‘Aviva’: Film Review by Sheri Linden – Hollywood Reporter
There are plenty of bodies in motion, clothed and not, in Aviva, a love story propelled by inventive dance sequences and uninhibited sex. But the first bodies we see in Boaz Yakin’s atypically experimental film are defiantly still. Their gazes are direct, their self-confident nakedness a rebuke, perhaps, or a happy challenge to run-of-the-mill repression, setting the tone for the emotional and physical writhing that lies ahead.
The movie finds Yakin (Fresh, Remember the Titans) freed from formula. Inspired in part by the double casting of the lead character in Buñuel’s That Obscure Object of Desire, the writer-director uses a similar approach to trace the highs and lows of a relationship between a man, Eden (Tyler Phillips), and a woman, Aviva (Zina Zinchenko): They’re played as well by another pair of performers, choreographers Bobbi Jene Smith (as the female aspect of Eden) and Or Schraiber (the male Aviva). This quartet of selves appear in varying configurations, making for tantalizing explorations of flesh and identity, complete with four-way living-room arguments and metaphorical bedroom threesomes.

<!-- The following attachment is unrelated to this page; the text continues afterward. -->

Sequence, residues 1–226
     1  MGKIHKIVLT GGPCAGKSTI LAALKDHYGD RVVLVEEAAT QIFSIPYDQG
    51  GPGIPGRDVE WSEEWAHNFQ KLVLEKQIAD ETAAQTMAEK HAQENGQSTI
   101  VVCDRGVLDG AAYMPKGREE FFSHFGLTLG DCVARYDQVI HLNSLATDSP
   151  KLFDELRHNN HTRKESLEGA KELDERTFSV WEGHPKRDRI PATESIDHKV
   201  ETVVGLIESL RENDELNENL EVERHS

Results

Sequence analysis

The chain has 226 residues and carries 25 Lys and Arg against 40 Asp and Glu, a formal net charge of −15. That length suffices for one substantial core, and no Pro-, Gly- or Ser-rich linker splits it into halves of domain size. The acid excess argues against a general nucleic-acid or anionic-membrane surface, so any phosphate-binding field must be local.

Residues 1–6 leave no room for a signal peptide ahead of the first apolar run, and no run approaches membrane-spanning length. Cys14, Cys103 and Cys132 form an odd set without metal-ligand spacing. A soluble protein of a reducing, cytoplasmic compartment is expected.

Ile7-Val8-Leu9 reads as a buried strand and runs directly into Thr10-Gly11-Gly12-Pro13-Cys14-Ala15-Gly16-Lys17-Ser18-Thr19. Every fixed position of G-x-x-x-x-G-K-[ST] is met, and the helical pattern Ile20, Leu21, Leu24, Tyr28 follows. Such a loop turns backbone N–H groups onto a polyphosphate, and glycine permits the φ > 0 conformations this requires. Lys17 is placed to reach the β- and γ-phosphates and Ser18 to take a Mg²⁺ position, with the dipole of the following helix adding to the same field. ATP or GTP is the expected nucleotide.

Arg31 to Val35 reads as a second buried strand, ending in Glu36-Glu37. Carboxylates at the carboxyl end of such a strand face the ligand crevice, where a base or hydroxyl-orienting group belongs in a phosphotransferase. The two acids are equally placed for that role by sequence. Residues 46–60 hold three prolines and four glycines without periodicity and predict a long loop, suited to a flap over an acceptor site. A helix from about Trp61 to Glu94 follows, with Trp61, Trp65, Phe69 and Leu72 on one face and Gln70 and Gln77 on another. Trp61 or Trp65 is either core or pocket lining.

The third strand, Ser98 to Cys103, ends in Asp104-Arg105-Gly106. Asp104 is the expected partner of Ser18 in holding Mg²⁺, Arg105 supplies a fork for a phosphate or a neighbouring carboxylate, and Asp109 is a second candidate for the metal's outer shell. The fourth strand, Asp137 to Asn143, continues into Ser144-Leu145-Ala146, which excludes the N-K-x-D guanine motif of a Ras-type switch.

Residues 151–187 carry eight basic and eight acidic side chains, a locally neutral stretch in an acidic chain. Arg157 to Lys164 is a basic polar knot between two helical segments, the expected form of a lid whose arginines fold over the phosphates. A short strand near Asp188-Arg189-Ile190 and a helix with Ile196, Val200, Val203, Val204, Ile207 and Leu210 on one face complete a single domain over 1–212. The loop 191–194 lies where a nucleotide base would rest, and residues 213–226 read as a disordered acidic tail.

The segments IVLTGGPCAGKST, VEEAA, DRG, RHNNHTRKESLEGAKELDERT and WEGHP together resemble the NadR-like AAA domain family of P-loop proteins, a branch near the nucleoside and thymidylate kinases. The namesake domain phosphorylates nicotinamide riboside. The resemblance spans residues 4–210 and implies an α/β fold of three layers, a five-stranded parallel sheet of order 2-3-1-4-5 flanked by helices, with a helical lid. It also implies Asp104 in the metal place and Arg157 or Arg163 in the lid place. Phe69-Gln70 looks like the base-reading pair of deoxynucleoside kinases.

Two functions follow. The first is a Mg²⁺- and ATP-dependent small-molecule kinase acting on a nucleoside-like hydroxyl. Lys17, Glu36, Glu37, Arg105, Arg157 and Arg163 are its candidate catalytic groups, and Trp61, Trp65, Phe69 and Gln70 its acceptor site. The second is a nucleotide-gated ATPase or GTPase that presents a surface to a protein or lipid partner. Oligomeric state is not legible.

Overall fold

Nothing about the film — which premieres in virtual theaters June 12, with a few live-streaming events scheduled — is predictable or ordinary. In terms of narrative and choreography, its leaps and transitions are often mind-bending, breaking down assumptions and putting things back together in ways that are illuminating and expansive. Aviva can also, at times, be indulgent, frustrating and wearying, like anybody’s litany of relationship woes that goes on too long. On top of a premise that presents a lot to absorb from the get-go, certain sections ladle on the muchness too thick, and cry out for streamlining or excision. Even so, Yakin and his terpsichorean cast take exhilarating chances of the sort all too seldom seen on screens these days.
The story begins as a long-distance correspondence — an email version of “an old-fashioned letter-writing romance” — between New Yorker Eden and Parisian Aviva. (The Russia-born Zinchenko’s accent isn’t French, as she points out in one of several fourth-wall-breaking asides addressing the artifice of moviemaking — welcome bursts of humor amid the emotional intensity. As a further aside, Zinchenko’s character bears a passing resemblance, coiffure-wise, to filmmaker Alma Har’el, Yakin’s ex-wife and DP for the Aviva‘s Los Angeles unit.)
The new-love feeling of possibility and discovery between Aviva and Eden is beautifully captured in long tracking shocks of each of them dancing through city streets, among but apart from the other pedestrians, their moves rhyming across the miles. Things naturally become more complicated once they’re both in New York. An especially incisive exchange of dialogue touches on the way the written word can instill a false sense of intimacy.